Sunday, July 6, 2008

The DotSource Operator

A while back I asked Stephen Ng if he had seen any documentation on importing scripts as modules or libraries, and he hadn't. I sort of filed it away for future reference, knowing that if we went down this path we'd probably want to find some way to keep a repository of PowerShell scripts for common use.

Fast forward to a few days ago, when the latest entry from The PowerShell Guy showed up in my Google Reader. In his Get-IpConfig function (which I'll discuss in a later post) he has a line with an open parenthesis followed by a dot.wasn't the most readable line of code in the world anyway, but as I was mentally parsing it I hit a snag. I had no idea what that dot was doing just after the open parenthesis.

As it turns out, this is what's known as the dotsource operator. The dotsource operator (I wish people would stop and think a bit when choosing these terrible names) is like the ampersand (&) operator, in that it executes the script or code block that comes after it, but it also declares all variables in the global scope. Why would you want to do this?

Let's use a terrible example and say I have a script that will get a list of users and groups on a computer. I have a script, Get-UsersAndGroups.ps1. It creates two variables, $users and $groups, and exits. I want to be able to use those variables, so I run the following:

PS C:\> .\Get-UsersAndGroups.ps1
PS C:\> $users

I get nothing back, even though I know I created the variable. $users was created in the script's scope, though, and once the script finishes running it takes its variables with it.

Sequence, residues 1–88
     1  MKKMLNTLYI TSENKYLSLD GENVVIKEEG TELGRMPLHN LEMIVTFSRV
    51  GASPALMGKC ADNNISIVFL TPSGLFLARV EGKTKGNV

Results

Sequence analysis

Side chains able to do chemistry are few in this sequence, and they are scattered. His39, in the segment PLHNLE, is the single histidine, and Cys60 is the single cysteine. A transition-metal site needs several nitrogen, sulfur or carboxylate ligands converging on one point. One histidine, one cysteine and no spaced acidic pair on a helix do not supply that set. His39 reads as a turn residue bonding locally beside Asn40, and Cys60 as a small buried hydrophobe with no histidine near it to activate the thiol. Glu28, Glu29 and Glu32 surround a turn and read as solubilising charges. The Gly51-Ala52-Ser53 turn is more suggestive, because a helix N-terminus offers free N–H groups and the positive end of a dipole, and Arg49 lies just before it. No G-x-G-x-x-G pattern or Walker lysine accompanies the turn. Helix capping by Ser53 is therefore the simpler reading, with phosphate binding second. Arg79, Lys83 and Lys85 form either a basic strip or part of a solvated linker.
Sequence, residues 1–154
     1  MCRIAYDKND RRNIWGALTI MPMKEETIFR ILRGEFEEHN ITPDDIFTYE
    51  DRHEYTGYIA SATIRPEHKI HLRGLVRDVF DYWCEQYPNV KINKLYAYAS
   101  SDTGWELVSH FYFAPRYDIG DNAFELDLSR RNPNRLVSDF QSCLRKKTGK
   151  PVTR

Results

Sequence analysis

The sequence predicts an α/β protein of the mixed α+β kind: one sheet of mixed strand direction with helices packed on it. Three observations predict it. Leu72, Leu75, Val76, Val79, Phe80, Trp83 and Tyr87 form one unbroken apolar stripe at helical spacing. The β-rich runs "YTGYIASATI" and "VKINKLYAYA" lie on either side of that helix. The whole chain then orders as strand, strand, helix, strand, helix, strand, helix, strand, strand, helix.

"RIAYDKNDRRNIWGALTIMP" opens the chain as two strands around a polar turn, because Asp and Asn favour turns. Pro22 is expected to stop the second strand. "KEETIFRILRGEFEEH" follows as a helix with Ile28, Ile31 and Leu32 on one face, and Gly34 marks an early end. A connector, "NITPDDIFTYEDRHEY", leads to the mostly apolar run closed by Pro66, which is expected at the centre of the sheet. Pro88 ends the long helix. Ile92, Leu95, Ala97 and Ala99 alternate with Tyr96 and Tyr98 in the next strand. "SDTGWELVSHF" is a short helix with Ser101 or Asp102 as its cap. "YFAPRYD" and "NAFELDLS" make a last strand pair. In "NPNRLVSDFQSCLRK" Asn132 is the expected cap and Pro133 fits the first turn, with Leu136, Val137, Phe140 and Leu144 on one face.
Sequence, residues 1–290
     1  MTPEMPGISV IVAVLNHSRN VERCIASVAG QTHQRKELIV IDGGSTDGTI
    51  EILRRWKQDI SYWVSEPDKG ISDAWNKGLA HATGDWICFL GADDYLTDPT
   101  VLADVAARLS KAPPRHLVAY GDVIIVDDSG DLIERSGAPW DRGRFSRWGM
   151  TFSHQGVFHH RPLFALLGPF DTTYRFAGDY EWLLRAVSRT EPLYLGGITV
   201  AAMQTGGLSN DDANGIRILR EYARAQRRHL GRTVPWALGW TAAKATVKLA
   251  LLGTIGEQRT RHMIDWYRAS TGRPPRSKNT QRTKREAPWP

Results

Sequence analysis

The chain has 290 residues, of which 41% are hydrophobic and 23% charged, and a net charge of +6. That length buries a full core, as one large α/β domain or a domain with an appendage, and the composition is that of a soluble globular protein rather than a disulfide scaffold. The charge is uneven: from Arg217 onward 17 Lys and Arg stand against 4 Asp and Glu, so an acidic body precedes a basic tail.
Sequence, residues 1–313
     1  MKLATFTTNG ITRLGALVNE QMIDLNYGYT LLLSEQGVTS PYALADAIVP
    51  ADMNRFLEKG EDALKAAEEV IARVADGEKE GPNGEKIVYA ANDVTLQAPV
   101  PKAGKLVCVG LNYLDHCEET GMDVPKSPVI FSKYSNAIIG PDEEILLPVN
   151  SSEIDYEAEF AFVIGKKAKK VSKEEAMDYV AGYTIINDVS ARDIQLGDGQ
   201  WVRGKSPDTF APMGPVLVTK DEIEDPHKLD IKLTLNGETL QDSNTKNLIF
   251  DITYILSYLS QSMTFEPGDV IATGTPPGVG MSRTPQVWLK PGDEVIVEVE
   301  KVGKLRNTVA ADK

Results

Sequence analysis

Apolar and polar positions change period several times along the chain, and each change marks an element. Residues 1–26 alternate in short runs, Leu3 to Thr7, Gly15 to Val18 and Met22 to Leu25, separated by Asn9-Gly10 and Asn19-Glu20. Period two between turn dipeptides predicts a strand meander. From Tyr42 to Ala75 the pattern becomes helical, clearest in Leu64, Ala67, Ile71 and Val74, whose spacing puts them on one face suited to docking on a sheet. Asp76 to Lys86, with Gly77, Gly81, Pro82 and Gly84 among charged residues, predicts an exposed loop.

I have three options here:
  1. Change my script to send the variables to the output pipeline. Maybe this script is being used by other people, though, so I don't necessarily want to change the pipeline.
  2. Explicitly declare the variables as $global:users and $global:groups in the script. The problem with this is that I don't necessarily always want to declare these variables in the global namespace.
  3. Use the dotsource operator.
The way to use the dotsource operator is like this:

PS C:\> . .\Get-UsersAndGroups.ps1
PS C:\> $users
Tim
Administrator
Alfred E. Neuman

(Note that there is a space between the dots there, otherwise I'd just be telling PowerShell to look in the parent directory.)

To wrap this up, we can take all of this newfound knowledge and see how you can create libraries in PowerShell. By dotsourcing (yes, people even use it as a verb, ugh) a script with functions and constants in it, we can import the functions in a way that makes them usable by our scripts, that way we can reuse the code.

The one big problem is that PowerShell has no concept of a /lib directory that it looks for modules in by default, so you must know the path to the script you will be importing. I'll leave that as a future exercise, but I have a spark of an idea in my head of how we can create a function that looks up a script by its name to import and distribute it using a common company Profile so that all company PowerShell Scripters have a common location for libraries, like sitecustomize.py in Python.

1 comment:

/\/\o\/\/ said...

You might like CTP2's Module support ;-)

Greetings /\/\o\/\/